Green roofs (flat)
Knowledge of green roof construction methods and the benefits of incorporating them in building design is steadily becoming more widespread in the UK.
Unlike pitched green roofs, flat green roofs can either take the form of extensive (consisting of a thin layer of turf or sedum matting), or intensive (characterised by a greater soil depth that can even accommodate shrubs and trees). This more frequently takes the form of roof-top gardens, providing valuable secluded green space in urban settings.
Flat green roof build up
A typical build-up for an extensive or semi-intensive green roof
A standard roofing membrane and insulation layer is laid onto the underlying roof structure, then a studded, perforated drainage membrane such as Oldroyd Xv 20 GreenXtra is used in addition to provide a drainage layer with reservoir capability. A filtrating drainage layer (Oldroyd Tp Filter Fleece) is laid down before adding the required soil loading and plantings, as shown in the diagram above.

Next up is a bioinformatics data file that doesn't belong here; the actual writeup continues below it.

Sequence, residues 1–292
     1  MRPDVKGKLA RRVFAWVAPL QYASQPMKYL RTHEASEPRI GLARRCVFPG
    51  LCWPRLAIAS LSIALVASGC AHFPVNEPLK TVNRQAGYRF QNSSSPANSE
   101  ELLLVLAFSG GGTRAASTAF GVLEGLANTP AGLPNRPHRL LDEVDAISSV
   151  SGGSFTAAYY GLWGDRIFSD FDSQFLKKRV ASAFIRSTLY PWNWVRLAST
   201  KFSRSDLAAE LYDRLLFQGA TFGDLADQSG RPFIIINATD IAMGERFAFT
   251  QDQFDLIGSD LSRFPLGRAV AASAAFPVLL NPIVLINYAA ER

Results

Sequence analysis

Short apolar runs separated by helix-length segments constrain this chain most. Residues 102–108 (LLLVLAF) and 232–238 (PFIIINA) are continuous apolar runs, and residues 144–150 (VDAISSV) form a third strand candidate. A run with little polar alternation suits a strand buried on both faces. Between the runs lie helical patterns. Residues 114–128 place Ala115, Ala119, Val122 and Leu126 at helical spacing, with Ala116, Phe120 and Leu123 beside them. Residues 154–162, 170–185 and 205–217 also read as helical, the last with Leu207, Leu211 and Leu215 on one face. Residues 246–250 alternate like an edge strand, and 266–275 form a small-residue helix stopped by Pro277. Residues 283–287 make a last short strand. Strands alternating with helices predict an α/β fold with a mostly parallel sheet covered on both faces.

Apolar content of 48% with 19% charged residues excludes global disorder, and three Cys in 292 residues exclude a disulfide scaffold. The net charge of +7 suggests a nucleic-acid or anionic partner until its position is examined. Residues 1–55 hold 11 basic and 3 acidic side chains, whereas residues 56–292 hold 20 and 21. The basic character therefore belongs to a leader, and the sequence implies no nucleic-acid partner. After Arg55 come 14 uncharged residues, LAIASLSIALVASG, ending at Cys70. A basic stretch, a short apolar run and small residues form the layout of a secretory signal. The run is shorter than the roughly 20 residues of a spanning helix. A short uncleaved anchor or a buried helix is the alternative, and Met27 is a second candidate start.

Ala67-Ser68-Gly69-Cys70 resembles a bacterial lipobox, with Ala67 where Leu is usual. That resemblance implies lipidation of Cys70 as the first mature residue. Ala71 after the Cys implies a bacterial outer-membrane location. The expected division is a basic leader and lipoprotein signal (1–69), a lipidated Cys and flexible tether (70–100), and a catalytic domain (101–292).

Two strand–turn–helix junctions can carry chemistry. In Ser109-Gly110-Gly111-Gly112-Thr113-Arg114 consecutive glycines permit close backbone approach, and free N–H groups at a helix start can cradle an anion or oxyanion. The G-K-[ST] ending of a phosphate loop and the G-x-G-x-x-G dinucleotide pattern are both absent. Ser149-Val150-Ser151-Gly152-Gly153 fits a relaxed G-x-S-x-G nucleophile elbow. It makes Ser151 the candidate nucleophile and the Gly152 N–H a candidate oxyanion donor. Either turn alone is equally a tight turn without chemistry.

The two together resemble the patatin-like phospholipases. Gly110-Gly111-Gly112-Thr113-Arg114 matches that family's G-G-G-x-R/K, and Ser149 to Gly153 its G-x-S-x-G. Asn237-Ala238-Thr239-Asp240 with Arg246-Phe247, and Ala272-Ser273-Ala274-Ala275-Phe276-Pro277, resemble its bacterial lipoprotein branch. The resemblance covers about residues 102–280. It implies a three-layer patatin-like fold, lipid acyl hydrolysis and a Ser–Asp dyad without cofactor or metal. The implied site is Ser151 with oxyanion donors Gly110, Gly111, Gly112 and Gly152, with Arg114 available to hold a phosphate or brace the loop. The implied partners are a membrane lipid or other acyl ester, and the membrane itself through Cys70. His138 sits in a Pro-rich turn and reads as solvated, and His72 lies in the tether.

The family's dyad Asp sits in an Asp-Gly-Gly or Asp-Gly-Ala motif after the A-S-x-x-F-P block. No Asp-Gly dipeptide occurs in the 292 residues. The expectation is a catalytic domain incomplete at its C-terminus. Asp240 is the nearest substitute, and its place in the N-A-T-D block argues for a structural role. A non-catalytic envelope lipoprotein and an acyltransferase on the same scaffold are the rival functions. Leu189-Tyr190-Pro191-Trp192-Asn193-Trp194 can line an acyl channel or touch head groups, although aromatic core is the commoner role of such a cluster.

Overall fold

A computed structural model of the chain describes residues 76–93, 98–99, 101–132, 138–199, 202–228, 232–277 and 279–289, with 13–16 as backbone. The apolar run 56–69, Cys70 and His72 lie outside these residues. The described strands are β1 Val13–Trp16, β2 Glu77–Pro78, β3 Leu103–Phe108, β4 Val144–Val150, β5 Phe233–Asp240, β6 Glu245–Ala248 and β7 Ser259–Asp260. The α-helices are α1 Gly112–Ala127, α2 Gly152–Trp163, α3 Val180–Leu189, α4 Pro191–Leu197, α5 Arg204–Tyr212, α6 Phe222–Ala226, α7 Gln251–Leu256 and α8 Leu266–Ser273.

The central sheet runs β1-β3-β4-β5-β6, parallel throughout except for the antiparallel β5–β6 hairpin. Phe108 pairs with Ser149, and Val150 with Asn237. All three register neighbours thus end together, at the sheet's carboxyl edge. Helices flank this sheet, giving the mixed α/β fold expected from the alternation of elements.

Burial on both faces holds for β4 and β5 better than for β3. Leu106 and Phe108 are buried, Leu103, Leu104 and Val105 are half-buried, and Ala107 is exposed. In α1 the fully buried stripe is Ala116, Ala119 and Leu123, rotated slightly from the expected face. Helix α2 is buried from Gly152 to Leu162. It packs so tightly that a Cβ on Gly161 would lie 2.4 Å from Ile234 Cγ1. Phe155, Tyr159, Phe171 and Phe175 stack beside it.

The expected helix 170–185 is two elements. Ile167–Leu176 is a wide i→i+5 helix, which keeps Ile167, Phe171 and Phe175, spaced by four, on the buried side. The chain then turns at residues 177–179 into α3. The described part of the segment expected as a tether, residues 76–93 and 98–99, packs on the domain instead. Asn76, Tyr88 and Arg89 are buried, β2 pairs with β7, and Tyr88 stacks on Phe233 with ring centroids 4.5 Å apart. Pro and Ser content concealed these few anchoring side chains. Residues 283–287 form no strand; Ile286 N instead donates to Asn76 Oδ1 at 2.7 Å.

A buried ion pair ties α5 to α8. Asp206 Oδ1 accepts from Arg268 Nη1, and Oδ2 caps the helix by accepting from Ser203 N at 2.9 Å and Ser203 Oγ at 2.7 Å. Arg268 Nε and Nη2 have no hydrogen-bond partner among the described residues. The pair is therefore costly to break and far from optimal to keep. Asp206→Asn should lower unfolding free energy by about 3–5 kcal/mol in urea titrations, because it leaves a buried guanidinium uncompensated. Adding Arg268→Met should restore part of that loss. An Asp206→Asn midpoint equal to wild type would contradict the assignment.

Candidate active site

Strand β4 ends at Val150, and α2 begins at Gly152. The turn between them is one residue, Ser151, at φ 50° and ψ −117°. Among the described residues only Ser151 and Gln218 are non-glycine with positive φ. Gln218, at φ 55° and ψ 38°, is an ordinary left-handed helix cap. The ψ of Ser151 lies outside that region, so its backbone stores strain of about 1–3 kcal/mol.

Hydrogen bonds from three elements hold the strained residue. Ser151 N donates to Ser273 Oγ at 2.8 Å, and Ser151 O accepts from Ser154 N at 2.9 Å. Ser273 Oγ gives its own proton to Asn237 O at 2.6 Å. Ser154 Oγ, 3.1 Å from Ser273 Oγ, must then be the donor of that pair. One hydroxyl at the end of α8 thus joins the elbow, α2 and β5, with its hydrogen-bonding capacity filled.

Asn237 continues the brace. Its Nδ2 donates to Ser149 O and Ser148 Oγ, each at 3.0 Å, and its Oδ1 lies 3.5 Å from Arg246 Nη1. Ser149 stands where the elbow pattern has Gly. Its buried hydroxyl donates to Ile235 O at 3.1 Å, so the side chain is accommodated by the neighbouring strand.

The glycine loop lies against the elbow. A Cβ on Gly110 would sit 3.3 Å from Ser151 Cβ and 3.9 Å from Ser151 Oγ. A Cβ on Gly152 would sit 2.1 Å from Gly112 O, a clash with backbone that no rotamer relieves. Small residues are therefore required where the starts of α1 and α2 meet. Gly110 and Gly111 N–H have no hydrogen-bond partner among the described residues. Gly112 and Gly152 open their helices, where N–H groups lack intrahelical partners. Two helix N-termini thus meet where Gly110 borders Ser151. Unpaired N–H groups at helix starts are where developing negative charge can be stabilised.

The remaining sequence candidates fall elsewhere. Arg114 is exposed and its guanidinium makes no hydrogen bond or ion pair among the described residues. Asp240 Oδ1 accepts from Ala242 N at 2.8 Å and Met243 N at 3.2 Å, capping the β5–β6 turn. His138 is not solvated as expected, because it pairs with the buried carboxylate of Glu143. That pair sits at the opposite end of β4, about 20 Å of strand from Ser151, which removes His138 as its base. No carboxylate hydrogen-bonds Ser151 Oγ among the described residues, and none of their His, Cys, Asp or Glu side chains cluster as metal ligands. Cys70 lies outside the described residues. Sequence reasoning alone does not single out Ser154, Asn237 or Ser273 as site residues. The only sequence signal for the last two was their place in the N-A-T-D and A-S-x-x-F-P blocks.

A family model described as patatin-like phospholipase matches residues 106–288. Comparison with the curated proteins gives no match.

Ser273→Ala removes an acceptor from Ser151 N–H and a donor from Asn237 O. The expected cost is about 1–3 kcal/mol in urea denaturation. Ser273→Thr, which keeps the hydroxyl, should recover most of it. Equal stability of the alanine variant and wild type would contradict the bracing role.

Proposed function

In situations where the roofing membrane does not offer adequate root resistance a Safeguard Root Barrier layer may need to be included between the roofing membrane and the Oldroyd Xv 20 GreenXtra drainage layer.
Other examples of typical green roofbuild-ups can be found in our library of CAD drawings.
For roof-top gardens, concrete decking is often used to provide a suitable load-bearing construction, whereas substantial reinforcement is not usually required for a lightweight flat turf roof.
Biodiverse roofs are flat green roofs which have been specifically designed with particular biodiversity objectives in mind – see our biodiverse roofs page for details.
A guide to installing flat green roofs can be downloaded free of charge in PDF format by clicking on the image to the right.
The guide shows how Oldroyd Xv 20 GreenXtra can be used in conjunction with a primary waterproofing system to create a flat green roof.